Automobile Accident Settles for $4.8 Million

Note: The recoveries in these cases are not necessarily indicative of recoveries in similar cases in the future, since each case must be decided on its own facts and circumstances.

Walter H. Emroch and Thomas J. McNally successfully represented a Richmond man in an automobile collision that settled for $4.8 million two months before trial. The plaintiff was injured when he was a 25-year-old employee of a landscaping company. He was working on a sidewalk when the defendant drove a pickup truck up onto the sidewalk, striking the plaintiff, backing up, striking the plaintiff again, and leaving the scene of the accident.

The plaintiff sustained serious and permanent injuries, including mild to moderate traumatic brain injury; loss of vision in the left eye, as well as right field of vision in the right eye; damage to his pituitary gland, requiring the plaintiff to remain on certain hormones for various functions; and some facial scarring. In spite of his injuries, the plaintiff had obtained an unrestricted driver’s license, was able to converse well with others, and had made a remarkable recovery given his initial injuries.

The defendant’s insurance carrier filed a declaratory judgment action, alleging that they did not owe coverage in the case because the driver did not have permission to drive the pickup truck that struck the plaintiff. The vehicle was owned by a car dealer, and had dealer tags on it. The vehicle had been kept at the home of the car dealer. Prior to the accident, the car dealer and his wife had separated, and he had lent his wife the vehicle to move furniture into her new home. The dealer testified that his wife was aware of the company policy that no one else was supposed to drive a company vehicle with dealer tags on it, except in the case of an emergency or with the permission of the owner. She denied any such knowledge of restrictions on her. On the morning of the accident, she removed the dealer tags from the vehicle, replaced them with her tags, and lent the vehicle to the driver, whom she had known for years, and whom, she believed, her husband would not have wanted to drive the vehicle.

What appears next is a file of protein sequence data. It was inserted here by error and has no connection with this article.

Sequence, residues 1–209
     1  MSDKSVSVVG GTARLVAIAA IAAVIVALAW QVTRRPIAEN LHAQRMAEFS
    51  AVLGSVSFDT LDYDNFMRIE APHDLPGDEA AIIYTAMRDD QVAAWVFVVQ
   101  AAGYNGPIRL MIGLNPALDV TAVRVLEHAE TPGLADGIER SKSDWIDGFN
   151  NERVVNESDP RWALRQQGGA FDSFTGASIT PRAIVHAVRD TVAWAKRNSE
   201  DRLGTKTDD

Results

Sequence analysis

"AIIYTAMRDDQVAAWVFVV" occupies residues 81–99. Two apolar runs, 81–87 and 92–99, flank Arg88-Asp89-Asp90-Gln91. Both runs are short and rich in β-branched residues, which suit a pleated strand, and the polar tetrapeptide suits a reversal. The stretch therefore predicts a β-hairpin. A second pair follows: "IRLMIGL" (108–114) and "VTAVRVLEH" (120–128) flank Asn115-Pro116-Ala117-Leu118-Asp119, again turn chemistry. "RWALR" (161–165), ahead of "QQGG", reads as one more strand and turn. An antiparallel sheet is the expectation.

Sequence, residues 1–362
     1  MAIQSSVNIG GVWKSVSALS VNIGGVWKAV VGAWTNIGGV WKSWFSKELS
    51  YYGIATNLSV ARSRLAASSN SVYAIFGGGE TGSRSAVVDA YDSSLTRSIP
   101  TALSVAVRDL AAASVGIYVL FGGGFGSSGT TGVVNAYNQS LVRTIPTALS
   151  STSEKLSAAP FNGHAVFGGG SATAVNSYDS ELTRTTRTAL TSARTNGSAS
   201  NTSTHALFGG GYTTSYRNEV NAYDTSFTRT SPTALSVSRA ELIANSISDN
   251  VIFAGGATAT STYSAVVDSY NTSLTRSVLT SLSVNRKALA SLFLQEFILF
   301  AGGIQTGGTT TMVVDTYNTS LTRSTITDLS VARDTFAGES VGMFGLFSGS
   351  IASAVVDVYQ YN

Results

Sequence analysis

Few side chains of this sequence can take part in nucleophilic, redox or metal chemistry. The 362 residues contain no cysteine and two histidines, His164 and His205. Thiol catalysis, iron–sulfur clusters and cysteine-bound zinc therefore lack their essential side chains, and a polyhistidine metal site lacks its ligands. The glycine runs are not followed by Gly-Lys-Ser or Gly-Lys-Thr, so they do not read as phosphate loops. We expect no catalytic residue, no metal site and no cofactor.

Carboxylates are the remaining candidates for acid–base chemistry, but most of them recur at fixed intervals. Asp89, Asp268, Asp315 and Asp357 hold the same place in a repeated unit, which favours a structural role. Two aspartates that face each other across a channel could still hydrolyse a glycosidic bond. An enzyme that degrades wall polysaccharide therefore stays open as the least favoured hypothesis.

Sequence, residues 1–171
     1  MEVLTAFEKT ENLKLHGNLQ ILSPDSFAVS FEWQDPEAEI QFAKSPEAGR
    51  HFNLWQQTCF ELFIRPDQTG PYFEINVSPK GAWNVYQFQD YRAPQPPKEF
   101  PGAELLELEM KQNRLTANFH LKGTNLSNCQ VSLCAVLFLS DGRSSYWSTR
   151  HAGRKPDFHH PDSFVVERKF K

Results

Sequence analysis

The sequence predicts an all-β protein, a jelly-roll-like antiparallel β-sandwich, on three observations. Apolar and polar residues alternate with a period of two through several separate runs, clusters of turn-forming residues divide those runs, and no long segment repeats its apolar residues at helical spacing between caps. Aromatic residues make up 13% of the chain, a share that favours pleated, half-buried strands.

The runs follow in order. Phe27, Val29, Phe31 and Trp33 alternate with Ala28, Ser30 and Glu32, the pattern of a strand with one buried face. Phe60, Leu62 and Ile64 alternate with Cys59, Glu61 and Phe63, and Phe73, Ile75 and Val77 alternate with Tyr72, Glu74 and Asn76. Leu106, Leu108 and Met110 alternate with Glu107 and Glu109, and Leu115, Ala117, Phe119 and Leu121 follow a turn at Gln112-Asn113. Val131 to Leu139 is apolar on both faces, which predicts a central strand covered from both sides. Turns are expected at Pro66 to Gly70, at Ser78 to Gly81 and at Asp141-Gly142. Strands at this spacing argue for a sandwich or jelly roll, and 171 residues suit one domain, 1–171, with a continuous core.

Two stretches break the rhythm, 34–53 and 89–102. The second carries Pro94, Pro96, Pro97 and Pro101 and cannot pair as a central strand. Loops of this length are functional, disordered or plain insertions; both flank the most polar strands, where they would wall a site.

Upon learning of the accident, the car dealer’s wife initially advised the police and the manager of the dealership that the vehicle had been stolen, but shortly thereafter, admitted that she had lent the vehicle to the defendant. Based on the testimony of the car dealer and his manager, as well as the removal of the plates and the initial statement that the vehicle had been stolen, the defendant’s insurance company took the position in the declaratory judgment action that there was no permission to drive the vehicle. In such a case, the plaintiff would have been left with $25,000 primary coverage on the defendant and $100,000 uninsured motorist coverage.

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I saw the commercials and the lady stating she was going down the highway with her two year old son in the car, and the tractor trailer hit her. In my case I was traveling down the highway and the truck hit me than made me lose control and I hit another vehicle that had a two year old child in it. I knew then your company would be a perfect fit for my case.
Theresa
Emroch & Kilduff
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